Van Riper & Nies Attorneys, P.A.
Florida Longshore Lawyers

Longshore Benefits


Timothy Nies


Christian Van Riper

"We work hard to provide you with solutions to your problems..."

Our attorneys are known for leaving no stone unturned when representing our clients in Longshore claims.

Longshoremen covered under the
 Longshore & Harbor Workers Compensation Act (“Longshore Act”) are entitled to reasonable and necessary medical treatment, supplies and services related to the injury, as well as reimbursement of travel costs related to the treatment.

Under the Longshore Act, a covered employee has a right to treat with a doctor of his choice and does not have to choose from a limited list provided by an insurance carrier's adjuster. If the insurance company’s nurse case manager advises you that he/she cannot find a doctor who will treat you other than one they recommend, it is time to seek the help of a Florida Longshore attorney.

Amount and Duration of Compensation Under the Longshore Act:

Under the Act, you are entitled to receive temporary total disability (TTD) benefits if you are unable to perform your usual occupation for what is anticipated will be a limited period of time. If you are temporarily totally disabled, you will be paid weekly benefits equal to two-thirds of your average weekly wage subject to minimum or maximum compensation rates. The maximum and minimum compensation rates are set on October 1 of each year. The maximum compensation rate as of October 1, 2011 is $1,510.76 per week. 

Temporary Partial Disability Benefits (TPD):

You are considered to be temporarily partially disabled when you are only partially disabled to perform any type of work for a limited time period. Under TPD, you may be able to return to your original job part-time or to a lesser paying position. Your employer may also send you notification that you must look for modified work outside of the workplace. If you are partially disabled, you are entitled to receive weekly benefits equal to 2/3 of the difference between your average weekly wage and your "earning power" -- the amount you are earning if you have returned to the workforce, or the amount that it is determined that you should be able to earn. Temporary partial disability benefits can continue for up to 5 years. 

Permanent and Total Disability Benefits (PTD):

You are considered permanent and totally disabled when you are unable to perform any type of employment for an indefinite period of time. You are entitled to a cost of living adjustment not to exceed 5% per year while you are on permanent total disability. The cost of living adjustment to permanent and total disability benefit recipients is set on October 1 of each year by the Department of Labor.

Permanent Partial Disability Benefits (PPD):

You are considered permanently partially disabled (PPD) when you are partially disabled from performing any type of work for an indefinite period of time. In such a situation, your injury does not prevent you from performing some type of suitable alternative employment consistent with your functional capacity. Vocation services, including retraining and placement, are provided by the Department of Labor. Compensation for permanent partial disability is payable either on the basis of a scheduled award (see below) or a loss of earning capacity, depending on the anatomical parts of your body disabled by the work injury.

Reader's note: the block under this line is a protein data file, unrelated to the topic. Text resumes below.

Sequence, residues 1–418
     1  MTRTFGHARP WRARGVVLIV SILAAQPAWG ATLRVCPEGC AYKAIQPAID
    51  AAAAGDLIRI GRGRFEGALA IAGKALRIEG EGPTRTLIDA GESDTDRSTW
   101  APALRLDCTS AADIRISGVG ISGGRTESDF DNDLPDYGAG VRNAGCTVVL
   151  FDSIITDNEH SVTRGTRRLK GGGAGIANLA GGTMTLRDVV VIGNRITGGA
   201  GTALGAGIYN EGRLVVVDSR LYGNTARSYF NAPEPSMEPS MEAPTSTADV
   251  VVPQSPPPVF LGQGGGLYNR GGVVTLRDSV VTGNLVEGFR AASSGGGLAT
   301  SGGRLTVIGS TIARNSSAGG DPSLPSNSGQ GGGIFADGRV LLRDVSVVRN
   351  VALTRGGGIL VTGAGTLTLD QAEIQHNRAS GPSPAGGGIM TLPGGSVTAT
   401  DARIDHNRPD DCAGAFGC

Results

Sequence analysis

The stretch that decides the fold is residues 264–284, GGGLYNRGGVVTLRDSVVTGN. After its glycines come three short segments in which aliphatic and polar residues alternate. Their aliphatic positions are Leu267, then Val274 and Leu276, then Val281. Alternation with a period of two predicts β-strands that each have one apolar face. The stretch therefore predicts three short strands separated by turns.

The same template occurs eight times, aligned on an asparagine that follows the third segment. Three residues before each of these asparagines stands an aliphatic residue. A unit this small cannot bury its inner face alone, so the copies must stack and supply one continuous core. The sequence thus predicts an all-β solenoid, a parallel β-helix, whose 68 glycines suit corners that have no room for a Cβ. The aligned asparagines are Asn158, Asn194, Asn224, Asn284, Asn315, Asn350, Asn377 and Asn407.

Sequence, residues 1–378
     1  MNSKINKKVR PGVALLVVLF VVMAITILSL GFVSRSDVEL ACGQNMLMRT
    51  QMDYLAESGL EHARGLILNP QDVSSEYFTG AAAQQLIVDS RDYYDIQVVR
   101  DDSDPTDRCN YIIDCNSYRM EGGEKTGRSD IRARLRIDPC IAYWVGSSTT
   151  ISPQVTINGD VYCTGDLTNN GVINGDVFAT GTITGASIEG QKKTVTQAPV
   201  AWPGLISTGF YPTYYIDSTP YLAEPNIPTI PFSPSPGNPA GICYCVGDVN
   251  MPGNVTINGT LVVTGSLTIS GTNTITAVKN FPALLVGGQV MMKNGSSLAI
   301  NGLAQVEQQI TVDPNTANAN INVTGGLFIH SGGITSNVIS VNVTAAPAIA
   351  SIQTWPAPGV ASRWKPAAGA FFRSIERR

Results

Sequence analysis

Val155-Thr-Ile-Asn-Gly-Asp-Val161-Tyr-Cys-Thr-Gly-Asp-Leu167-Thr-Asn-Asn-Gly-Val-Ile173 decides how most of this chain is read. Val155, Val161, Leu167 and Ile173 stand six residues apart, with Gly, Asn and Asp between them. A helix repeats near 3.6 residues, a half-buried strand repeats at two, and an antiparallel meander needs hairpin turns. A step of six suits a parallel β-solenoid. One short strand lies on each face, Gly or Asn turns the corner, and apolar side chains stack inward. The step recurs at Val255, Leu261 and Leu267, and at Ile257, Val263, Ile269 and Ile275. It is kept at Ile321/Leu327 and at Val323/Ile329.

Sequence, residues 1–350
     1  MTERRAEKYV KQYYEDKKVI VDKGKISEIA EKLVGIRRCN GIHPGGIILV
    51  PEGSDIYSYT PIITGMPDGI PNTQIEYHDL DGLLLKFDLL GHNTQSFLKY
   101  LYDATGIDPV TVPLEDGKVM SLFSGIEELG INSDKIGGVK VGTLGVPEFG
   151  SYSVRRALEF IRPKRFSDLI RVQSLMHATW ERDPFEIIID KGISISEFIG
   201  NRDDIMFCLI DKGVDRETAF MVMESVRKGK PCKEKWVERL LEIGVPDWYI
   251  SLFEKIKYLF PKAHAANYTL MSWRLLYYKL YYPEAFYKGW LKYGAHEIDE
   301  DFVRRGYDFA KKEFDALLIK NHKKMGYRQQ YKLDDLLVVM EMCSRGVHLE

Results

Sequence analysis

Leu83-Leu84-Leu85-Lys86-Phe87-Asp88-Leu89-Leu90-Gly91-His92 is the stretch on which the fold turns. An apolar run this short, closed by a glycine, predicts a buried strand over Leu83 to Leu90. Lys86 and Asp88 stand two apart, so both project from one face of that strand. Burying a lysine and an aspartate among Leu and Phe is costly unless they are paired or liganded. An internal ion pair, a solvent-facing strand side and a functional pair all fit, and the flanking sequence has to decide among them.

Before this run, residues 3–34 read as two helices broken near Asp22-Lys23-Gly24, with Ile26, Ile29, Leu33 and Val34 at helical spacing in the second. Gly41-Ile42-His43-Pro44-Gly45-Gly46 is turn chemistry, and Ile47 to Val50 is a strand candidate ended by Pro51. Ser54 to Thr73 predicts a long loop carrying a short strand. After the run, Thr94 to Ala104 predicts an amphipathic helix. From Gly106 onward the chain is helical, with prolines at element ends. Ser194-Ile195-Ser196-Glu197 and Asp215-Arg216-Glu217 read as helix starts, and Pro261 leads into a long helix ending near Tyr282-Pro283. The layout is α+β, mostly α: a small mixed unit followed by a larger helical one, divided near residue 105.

Specific Loss or “Scheduled” Benefits:

The Act provides for limited term payments in cases where an employee suffers a permanent loss of use of parts of the body listed in the Act.  A scheduled award can be paid even if you return to your pre-injury employment. A scheduled award may consist of the permanent loss or loss of use of certain limbs or bodily functions, including vision and hearing. Calculation of the percentage of your loss of use is usually prepared by a doctor in consultation with the current edition of the American Medical Association (AMA) Guide to Permanent Impairment. Disfigurements of the head, neck, face, or other exposed areas are also considered specific losses. If you have a specific loss, you are entitled to compensation in the amount of 2/3 of your average weekly wage for the number of weeks set forth in the following chart: 

Scheduled Award - Weeks of Compensation 

Hand ............................... 244 weeks 

Arm ................................ 312 weeks 

Foot ............................... 205 weeks 

Leg ................................ 288 weeks 

Eye ................................ 160 weeks 

Thumb .….......................75 weeks 

Index Finger .................. 46 weeks 

Middle Finger ............... 30 weeks 

Ring Finger ....................15 weeks 

Little Finger ...................15 weeks 

Great Toe ......…............ 38 weeks 

Other Toes ......….......... 16 weeks 

Hearing Loss-Both Ears. 200 weeks 

Hearing Loss-One Ear… 52 weeks 


For more information, please complete the form below, email us at tim@vanriperandnies.com or call us day or night at:

 Broward
954-369-0776

 Palm Beach
561-948-5588

 Treasure Coast
772-283-8712

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Florida Longshore and Harbor Workers' Compensation Act Lawyers: Van Riper and Nies Attorneys, P.A.  Maritime attorneys experienced  in Longshore claims. Our maritime and longshore and harborworkers compensation act attorneys are experienced in representing injured  port, dock and harbor workers who were hurt while unloading cargo and container ships in Florida, including Broward County, Palm Beach County, Martin County, St. Lucie County, Okeechobee County. Our Longshore attorneys represent longshoremen in Pompano Beach, Fort Lauderdale, Miami, Port St. Lucie, Fort Pierce, Vero Beach, Jacksonville, and Tampa, FL. Maritime injury lawyers in Pompano Beach, FL. Prepare for your personal injury deposition.